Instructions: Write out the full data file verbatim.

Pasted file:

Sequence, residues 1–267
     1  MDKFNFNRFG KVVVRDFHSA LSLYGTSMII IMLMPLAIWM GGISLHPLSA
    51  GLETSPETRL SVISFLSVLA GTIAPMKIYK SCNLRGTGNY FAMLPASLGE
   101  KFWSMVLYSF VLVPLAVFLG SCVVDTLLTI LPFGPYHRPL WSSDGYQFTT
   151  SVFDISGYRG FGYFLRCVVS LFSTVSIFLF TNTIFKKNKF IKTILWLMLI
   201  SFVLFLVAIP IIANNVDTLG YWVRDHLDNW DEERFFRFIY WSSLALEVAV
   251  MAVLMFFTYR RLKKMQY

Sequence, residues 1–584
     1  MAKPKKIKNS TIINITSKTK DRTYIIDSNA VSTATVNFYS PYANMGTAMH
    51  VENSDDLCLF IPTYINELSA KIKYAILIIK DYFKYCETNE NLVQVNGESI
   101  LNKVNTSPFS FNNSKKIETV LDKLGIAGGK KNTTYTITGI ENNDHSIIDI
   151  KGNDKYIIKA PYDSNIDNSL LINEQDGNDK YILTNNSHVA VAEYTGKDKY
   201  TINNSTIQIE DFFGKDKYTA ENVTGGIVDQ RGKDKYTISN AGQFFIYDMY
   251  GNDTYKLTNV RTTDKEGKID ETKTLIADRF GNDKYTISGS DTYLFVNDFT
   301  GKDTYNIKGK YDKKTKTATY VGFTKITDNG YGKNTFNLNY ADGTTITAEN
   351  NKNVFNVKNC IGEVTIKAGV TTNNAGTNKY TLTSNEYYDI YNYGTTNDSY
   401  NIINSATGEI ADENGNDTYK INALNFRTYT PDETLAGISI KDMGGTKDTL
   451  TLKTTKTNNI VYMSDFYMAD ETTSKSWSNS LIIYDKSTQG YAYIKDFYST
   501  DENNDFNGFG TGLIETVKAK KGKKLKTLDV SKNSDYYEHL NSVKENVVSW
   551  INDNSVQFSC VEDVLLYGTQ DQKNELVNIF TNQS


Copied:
Sequence, residues 1–267
     1  MDKFNFNRFG KVVVRDFHSA LSLYGTSMII IMLMPLAIWM GGISLHPLSA
    51  GLETSPETRL SVISFLSVLA GTIAPMKIYK SCNLRGTGNY FAMLPASLGE
   101  KFWSMVLYSF VLVPLAVFLG SCVVDTLLTI LPFGPYHRPL WSSDGYQFTT
   151  SVFDISGYRG FGYFLRCVVS LFSTVSIFLF TNTIFKKNKF IKTILWLMLI
   201  SFVLFLVAIP IIANNVDTLG YWVRDHLDNW DEERFFRFIY WSSLALEVAV
   251  MAVLMFFTYR RLKKMQY

Sequence, residues 1–584
     1  MAKPKKIKNS TIINITSKTK DRTYIIDSNA VSTATVNFYS PYANMGTAMH
    51  VENSDDLCLF IPTYINELSA KIKYAILIIK DYFKYCETNE NLVQVNGESI
   101  LNKVNTSPFS FNNSKKIETV LDKLGIAGGK KNTTYTITGI ENNDHSIIDI
   151  KGNDKYIIKA PYDSNIDNSL LINEQDGNDK YILTNNSHVA VAEYTGKDKY
   201  TINNSTIQIE DFFGKDKYTA ENVTGGIVDQ RGKDKYTISN AGQFFIYDMY
   251  GNDTYKLTNV RTTDKEGKID ETKTLIADRF GNDKYTISGS DTYLFVNDFT
   301  GKDTYNIKGK YDKKTKTATY VGFTKITDNG YGKNTFNLNY ADGTTITAEN
   351  NKNVFNVKNC IGEVTIKAGV TTNNAGTNKY TLTSNEYYDI YNYGTTNDSY
   401  NIINSATGEI ADENGNDTYK INALNFRTYT PDETLAGISI KDMGGTKDTL
   451  TLKTTKTNNI VYMSDFYMAD ETTSKSWSNS LIIYDKSTQG YAYIKDFYST
   501  DENNDFNGFG TGLIETVKAK KGKKLKTLDV SKNSDYYEHL NSVKENVVSW
   551  INDNSVQFSC VEDVLLYGTQ DQKNELVNIF TNQS